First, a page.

The total number of chickens in the state is about 9.2 million birds, and that of cattle exceeds 1.8 million head. Important reserves of granite are known and used, and extraction of natural gas and oil is increasing. Sands and marbles are also important products of Espírito Santo extractivism.

The state's subsoil is rich in minerals, including oil, with considerable reserves of limestone, marble, manganese, ilmenite, bauxite, zirconium, monazites, and rare earths, although not all are being explored. In mineral extraction, exploration of reserves of marbles, limestone, and dolomite is happening in the Cachoeiro de Itapemirim area.

Although relatively small, the industrial park in Espírito Santo is home to chemical, metallurgical, food, and paper and cellulose industries.

Oil production in Espírito Santo
Factory of Garoto Chocolates in Vila Velha
Eucalyptus from Aracruz Celulose in the city of Aracruz
Port of Vitória

About industry, Espírito Santo in 2017 had an industrial GDP of R$21.3 billion, equivalent to 1.8% of the national industry. It employed 168,357 workers in the industry. The main industrial sectors are: extraction of oil and natural gas (23.0%), construction (20.5%), industrial services of public utility, such as electricity and water (12.3%), metallurgy (7.5 %), and pulp and paper (6.6%). These sectors concentrate 69.9% of the state's industry.[25]

In 2012, the export basket of Espírito Santo was based on iron ore (52.49%), crude oil (10.87%), chemical pulp made of soda or sulphate wood (10.01%), stone or construction (5.58%), and coffee (4.42%). Espírito Santo exports iron produced in Minas Gerais.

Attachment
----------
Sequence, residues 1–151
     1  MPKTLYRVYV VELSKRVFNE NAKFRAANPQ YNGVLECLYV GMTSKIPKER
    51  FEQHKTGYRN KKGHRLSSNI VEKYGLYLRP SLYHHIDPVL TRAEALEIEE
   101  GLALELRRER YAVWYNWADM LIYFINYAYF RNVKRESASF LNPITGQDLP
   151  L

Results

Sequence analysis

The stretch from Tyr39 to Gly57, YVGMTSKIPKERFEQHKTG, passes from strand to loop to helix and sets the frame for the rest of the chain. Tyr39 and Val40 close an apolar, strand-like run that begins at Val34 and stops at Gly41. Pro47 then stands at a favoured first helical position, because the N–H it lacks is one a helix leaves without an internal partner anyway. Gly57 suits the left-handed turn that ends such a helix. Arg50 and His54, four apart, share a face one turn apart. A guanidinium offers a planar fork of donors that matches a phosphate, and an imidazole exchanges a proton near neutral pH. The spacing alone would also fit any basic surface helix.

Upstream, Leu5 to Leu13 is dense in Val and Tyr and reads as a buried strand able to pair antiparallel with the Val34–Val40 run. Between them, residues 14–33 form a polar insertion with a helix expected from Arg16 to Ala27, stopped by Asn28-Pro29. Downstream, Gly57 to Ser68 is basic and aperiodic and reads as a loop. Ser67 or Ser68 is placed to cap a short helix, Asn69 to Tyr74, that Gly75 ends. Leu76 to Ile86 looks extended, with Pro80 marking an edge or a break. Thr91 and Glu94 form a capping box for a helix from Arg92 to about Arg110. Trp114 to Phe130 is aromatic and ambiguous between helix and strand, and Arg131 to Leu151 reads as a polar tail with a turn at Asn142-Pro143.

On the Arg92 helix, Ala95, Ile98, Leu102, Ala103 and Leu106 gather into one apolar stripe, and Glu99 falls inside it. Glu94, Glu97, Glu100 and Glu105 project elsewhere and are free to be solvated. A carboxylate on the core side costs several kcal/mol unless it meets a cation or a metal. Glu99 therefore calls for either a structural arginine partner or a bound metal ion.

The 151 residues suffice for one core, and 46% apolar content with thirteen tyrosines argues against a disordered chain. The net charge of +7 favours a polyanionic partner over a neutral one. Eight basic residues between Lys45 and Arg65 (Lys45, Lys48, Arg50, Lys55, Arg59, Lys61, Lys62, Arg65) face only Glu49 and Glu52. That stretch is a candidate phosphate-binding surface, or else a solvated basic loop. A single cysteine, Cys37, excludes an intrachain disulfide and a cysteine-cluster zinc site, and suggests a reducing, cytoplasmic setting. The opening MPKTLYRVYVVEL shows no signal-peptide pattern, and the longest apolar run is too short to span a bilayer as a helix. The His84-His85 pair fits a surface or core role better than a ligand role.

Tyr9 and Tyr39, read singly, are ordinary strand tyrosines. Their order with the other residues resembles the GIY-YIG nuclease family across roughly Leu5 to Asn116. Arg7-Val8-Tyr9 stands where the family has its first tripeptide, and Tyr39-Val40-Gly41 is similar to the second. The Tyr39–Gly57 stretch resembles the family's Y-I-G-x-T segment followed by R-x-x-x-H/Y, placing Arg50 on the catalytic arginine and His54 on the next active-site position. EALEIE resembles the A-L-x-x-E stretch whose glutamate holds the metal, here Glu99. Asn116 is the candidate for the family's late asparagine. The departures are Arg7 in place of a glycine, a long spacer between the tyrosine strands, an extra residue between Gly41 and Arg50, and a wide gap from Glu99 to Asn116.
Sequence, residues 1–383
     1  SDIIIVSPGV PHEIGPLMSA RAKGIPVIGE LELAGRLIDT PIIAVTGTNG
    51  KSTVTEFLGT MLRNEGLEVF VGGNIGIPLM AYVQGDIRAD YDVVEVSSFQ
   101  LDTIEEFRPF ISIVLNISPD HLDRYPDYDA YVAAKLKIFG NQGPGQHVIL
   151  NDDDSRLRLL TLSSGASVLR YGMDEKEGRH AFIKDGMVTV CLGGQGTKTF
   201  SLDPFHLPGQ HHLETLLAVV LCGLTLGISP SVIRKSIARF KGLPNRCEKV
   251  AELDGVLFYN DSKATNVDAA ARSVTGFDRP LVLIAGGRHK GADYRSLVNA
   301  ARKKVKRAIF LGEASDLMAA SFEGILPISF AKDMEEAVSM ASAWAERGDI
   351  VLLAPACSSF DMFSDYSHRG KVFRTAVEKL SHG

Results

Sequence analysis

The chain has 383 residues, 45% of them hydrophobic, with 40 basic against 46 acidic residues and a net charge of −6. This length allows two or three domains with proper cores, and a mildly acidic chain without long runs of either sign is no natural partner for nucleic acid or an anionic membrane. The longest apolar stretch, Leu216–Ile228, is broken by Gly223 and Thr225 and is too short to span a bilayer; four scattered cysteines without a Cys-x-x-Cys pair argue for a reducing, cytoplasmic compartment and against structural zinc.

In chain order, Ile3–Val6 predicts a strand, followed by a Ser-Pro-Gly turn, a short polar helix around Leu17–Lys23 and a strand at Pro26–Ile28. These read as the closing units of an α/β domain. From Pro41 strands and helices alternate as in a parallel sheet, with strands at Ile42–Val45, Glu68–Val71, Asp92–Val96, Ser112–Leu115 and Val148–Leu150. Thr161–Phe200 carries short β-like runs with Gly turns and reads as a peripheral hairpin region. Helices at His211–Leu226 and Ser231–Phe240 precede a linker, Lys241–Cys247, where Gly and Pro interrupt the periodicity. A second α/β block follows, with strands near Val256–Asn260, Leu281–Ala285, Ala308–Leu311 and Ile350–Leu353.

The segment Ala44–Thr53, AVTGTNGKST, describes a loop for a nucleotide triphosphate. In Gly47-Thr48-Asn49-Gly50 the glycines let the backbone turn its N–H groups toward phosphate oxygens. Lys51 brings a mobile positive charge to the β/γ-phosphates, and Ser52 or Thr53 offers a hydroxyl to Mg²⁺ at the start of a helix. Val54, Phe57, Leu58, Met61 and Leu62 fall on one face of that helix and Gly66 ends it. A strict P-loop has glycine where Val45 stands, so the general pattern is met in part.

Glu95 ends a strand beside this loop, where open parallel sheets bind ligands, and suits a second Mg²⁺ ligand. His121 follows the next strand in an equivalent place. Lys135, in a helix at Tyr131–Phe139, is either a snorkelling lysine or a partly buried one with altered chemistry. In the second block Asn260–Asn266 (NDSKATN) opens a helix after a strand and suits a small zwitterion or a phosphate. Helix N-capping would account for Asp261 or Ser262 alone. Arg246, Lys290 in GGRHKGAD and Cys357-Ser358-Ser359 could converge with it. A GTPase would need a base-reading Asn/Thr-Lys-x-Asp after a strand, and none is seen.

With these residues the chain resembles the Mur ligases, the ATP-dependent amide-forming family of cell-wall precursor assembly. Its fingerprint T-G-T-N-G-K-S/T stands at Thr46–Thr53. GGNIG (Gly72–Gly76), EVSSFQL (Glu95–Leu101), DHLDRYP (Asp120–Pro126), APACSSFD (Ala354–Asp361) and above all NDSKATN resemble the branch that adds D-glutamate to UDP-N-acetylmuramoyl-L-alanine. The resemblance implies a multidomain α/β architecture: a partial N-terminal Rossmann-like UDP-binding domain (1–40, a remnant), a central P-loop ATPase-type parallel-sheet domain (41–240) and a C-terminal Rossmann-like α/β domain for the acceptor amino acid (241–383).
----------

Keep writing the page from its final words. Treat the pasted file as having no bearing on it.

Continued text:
In the mineral extractive industry, in 2019, Rio de Janeiro was the largest producer of oil and natural gas in Brazil, with 71% of the total volume produced. São Paulo comes in second place, with an 11.5% share of total production. Espírito Santo was the third-largest producer state, with 9.4%.[26][27] In recent years, Espírito Santo has stood out in the production of oil and natural gas. With several discoveries made, mainly by Petrobras, the state left the fifth position in the Brazilian ranking of reserves, in 2002, to become one of the largest oil province in the country, with total reserves of 2.5 billion barrels. About 140 thousand barrels a day are produced. Oil fields are located both on land and at sea, in shallow, deep, and ultra-deep waters, containing light and heavy oil and unassociated gas.

In the urban centers of the capital and Cachoeiro de Itapemirim, practically all the main units of the Espírito Santo transformation industry are concentrated. The steel industries are located in the capital Vitória: Companhia Ferro e Aço de Vitória, iron ore pelletizing plant of Companhia Vale do Rio Doce; lumber, textiles, crockery, instant coffee, chocolates and refrigerators. In the Itapemirim river valley, cement, sugar and alcohol, and canned fruit industries are developed.

The 10 largest industrial companies in Espírito Santo are: Companhia Vale do Rio Doce (mining), ArcelorMittal Tubarão (steel mill), Samarco Mineração (mining), Aracruz Celulose, Fertilizers Heringer, ArcelorMittal Sul Fluminense (steel mill), Escelsa (electricity distribution company), Garoto (the largest chocolate factory in Latin America and the most important industrial food company of the state) and Sol Coqueria. Espírito Santo is a major steel producer, due to two steel mills present in its territory: ArcelorMittal Tubarão (formerly Companhia Siderúrgica de Tubarão) in the capital Vitória, which in 2018 produced 7 million tons of crude steel of the 35.4 million produced in the country; and ArcelorMittal Sul Fluminense (formerly Votorantim Siderurgia), also in the capital, which produced 1 million tons of crude steel in the same year.[28]